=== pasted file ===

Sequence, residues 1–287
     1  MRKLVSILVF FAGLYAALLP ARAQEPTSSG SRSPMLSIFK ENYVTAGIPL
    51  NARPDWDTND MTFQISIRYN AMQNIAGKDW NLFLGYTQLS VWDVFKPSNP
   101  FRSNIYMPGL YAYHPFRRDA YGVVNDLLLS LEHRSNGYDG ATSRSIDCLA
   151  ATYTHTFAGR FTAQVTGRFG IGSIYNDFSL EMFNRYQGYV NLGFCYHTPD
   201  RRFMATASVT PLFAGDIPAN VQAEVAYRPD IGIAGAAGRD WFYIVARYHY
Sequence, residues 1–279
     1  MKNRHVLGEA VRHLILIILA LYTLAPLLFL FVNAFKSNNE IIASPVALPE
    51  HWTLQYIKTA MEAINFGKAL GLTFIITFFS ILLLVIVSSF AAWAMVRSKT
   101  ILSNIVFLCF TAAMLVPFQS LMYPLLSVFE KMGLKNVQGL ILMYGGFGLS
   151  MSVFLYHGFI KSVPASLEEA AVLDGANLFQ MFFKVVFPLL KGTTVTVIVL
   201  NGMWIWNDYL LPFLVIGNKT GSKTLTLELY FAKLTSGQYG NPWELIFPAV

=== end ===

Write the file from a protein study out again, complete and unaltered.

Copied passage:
Sequence, residues 1–287
     1  MRKLVSILVF FAGLYAALLP ARAQEPTSSG SRSPMLSIFK ENYVTAGIPL
    51  NARPDWDTND MTFQISIRYN AMQNIAGKDW NLFLGYTQLS VWDVFKPSNP
   101  FRSNIYMPGL YAYHPFRRDA YGVVNDLLLS LEHRSNGYDG ATSRSIDCLA
   151  ATYTHTFAGR FTAQVTGRFG IGSIYNDFSL EMFNRYQGYV NLGFCYHTPD
   201  RRFMATASVT PLFAGDIPAN VQAEVAYRPD IGIAGAAGRD WFYIVARYHY
Sequence, residues 1–279
     1  MKNRHVLGEA VRHLILIILA LYTLAPLLFL FVNAFKSNNE IIASPVALPE
    51  HWTLQYIKTA MEAINFGKAL GLTFIITFFS ILLLVIVSSF AAWAMVRSKT
   101  ILSNIVFLCF TAAMLVPFQS LMYPLLSVFE KMGLKNVQGL ILMYGGFGLS
   151  MSVFLYHGFI KSVPASLEEA AVLDGANLFQ MFFKVVFPLL KGTTVTVIVL
   201  NGMWIWNDYL LPFLVIGNKT GSKTLTLELY FAKLTSGQYG NPWELIFPAV